Tag Archives: writer
Here’s a list I’ve compiled of some of my favorite inspiring, informative, and encouraging newsletters for writers and everyone interested in a little creative inspiration. All are free, and 1 or 2 offer paid subscriptions for more posts. Greater input means greater output. Or they just make great fodder for further procrastination.
1. The Paris Review has been in existence since 1953 and showcases the best the literary world has to offer. It’s filled with short stories, interviews, and poetry, both current as well as from the last century, that are both inspiring and enlightening. Subscriptions to the newsletter are free, and there are several options to choose from. Well worth the time to read both the latest and those from the archives.
2. 10 Things Worth Sharing is a weekly newsletter from Austin Kleon, best-selling author of Steal Like An Artist, Show Your Work, and Keep Going. His blog, which he adds to almost daily, is just one of the most interesting and thought-provoking collections of information, book reviews, music, movies, ideas, and ruminations on life. I’ve learned so much from his work, and the info he provides has led me to so many new people and ideas to research further.
3. The Imperfectionist is from Oliver Burkeman, the author of Four Thousand Weeks. He is a productivity guru with a fantastic insight into just what productivity is, understanding our limits, and explaining how to accomplish the truly important goals in our lives. His newsletter is a reminder of how to keep things in perspective and stop spinning our wheels trying to do the impossible.
4. Craft Talk comes by way of Jami Attenberg, author and essayist. She also promotes the writing challenge #1000words of summer, and several more random writing challenges throughout the year. Her newsletter is an honest, open window into the everyday life of a best-selling author and the challenges, hard work, and rewards it offers. She also provides advice to authors at every stage of their work.
5. The Art of Noticing from the book of the same name, is by Rob Walker. One of the most important parts of exercising creativity comes from our ability to use all our senses to notice what most people overlook, and his newsletter provides all the prompts that will inspire and challenge you to do just that. He has a very relaxed, easy-to-read style of writing.
6. Internet Archive is a digital, non-profit library of free books, movies, music, videos, software, and more. Their archive is beyond extensive; they are the largest digital library in the world. The newsletter highlights some of their accomplishments, new additions, and progress in their journey to digitizing basically everything.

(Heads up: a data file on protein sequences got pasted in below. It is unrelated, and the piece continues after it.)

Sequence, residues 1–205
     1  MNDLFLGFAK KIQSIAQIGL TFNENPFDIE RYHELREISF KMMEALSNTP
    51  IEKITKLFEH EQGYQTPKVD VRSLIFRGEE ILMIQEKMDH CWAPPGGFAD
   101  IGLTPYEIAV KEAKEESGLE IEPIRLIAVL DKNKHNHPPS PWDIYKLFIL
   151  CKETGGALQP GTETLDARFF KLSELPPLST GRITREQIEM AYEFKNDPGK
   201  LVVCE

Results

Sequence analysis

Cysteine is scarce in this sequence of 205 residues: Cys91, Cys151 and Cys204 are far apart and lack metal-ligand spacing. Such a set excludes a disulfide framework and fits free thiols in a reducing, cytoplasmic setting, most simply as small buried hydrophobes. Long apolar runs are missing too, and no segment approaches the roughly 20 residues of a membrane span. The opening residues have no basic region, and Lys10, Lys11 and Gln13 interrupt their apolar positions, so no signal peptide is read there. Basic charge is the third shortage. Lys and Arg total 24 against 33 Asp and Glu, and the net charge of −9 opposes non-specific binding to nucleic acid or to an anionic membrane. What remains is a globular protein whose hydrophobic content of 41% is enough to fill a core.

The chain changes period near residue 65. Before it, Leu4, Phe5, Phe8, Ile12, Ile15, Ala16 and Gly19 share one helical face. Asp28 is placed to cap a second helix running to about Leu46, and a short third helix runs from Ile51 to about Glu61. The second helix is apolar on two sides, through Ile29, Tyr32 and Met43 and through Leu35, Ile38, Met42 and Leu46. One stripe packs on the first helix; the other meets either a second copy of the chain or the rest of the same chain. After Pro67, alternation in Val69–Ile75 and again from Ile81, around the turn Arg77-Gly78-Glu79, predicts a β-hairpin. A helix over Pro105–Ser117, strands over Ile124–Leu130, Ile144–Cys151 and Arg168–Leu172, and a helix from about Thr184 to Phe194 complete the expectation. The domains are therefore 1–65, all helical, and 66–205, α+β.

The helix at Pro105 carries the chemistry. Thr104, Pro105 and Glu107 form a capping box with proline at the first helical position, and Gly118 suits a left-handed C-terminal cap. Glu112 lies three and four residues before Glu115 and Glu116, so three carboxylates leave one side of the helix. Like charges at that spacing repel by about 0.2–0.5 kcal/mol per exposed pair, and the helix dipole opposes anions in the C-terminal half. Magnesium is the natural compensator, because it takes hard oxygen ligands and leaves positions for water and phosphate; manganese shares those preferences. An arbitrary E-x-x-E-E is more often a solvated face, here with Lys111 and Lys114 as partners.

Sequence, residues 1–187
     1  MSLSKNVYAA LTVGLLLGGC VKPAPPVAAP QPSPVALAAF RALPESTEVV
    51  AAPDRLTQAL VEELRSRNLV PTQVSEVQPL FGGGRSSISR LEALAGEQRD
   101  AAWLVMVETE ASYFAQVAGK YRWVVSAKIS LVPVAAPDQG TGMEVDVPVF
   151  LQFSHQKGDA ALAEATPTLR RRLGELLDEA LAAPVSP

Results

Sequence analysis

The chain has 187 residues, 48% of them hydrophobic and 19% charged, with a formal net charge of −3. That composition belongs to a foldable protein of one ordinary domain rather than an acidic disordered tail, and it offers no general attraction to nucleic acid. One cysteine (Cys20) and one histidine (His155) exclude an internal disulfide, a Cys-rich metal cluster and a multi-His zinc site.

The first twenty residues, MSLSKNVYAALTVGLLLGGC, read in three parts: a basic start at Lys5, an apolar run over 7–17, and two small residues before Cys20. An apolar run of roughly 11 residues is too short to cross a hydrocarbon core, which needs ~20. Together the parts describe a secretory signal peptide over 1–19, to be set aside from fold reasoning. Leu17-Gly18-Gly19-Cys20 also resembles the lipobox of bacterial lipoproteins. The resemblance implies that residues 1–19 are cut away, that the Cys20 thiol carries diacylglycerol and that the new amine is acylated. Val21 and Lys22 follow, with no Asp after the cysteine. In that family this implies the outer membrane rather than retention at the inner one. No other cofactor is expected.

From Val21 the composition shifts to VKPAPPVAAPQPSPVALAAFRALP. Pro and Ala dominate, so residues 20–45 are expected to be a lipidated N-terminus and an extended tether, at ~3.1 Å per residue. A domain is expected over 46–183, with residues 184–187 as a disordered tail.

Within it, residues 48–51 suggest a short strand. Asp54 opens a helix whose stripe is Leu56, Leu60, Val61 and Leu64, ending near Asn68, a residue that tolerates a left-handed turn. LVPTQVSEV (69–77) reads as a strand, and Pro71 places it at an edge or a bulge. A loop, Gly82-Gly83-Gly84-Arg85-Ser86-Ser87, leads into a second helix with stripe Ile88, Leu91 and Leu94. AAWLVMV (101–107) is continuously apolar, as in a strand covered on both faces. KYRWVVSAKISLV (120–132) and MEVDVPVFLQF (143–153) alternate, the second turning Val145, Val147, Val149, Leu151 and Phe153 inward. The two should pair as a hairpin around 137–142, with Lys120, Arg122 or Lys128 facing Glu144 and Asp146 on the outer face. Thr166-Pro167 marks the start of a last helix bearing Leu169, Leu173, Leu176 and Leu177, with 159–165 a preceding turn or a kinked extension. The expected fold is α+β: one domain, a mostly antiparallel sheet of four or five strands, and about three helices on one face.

7. Subtle Maneuvers is a twice-monthly newsletter from Mason Currey, author of Daily Rituals. In it, he shares his thoughts, advice, and insight on how well-known individuals have overcome struggles, challenges, and time constraints and gone on to produce great creative works, and how you can too.
8. The Honest Broker is an interesting and informative weekly insight from music critic, author, and musician Ted Gioia. In it he shares little known information about music and culture, sharing stories and research collected over many years, and writes eloquently and honestly about subjects you can feel his passion for. I’ve made some great Spotify playlists based on his recommendations.
9. Iridescent Ordinary is a recent find for me. It’s by Rubi McGrory, and it’s a fun, lighthearted, and gentle approach to maintaining a daily practice. Delivered twice a week, it offers tips, workshops, playlists, meditations, and other reminders to step back and breathe. Good nudge for anyone trying to establish any type of daily routine, whether it be writing, exercising, or meditating.
10. Total Annarchy is a twice-monthly newsletter from author and marketing expert Ann Handley. It’s loaded with info on both writing and marketing. She’s got a great writing style, a great sense of humor, and a great reservoir of information.
We, the people, are the documenters of history. It is our stories, our artwork, and our photographs that future generations will look upon to get a true insight into our society. It won’t be Jeff Koons multimillion dollar balloon animals, nor will it be the latest best-selling novel, the current viral tweet or trending tik tok videos that they will seek out.
People are fascinated by the everyday lives and struggles of the “common” people. From the earliest cave drawings and logbooks of the first explorers, to the diaries of Civil War soldiers and a beautiful young soul named Anne Frank. From field sketches on the battlefields and poems scrawled on napkins to photographs tucked away in books. These are the words and windows we study to view what life was truly like.
The greatest artists and writers throughout history created works that have withstood the test of time. But we are just as fascinated by DaVinci’s notebooks and observations on life as we are with his creations. And the words of Charles Dickens are just as relevant today as they were almost 200 years ago. Truly great art survives, and so do the stories behind them.
But to dig even deeper, to see and read and feel what people were experiencing, how they were living and working, how they were reacting to what was going on around them, we turn to the “regular” people. The journals, the sketches, the photographs of everyday objects they put together for us. This is what allows us to get a true vision of their existence.
And that is why what we do today, by creating stories, by making our art, by documenting our experiences and lives and struggles and observations and reactions to what we see and hear, is so important. Document your reality. Your words matter, your art matters. Your journals, your blogs, your photography, your creations, they all matter. Your life matters.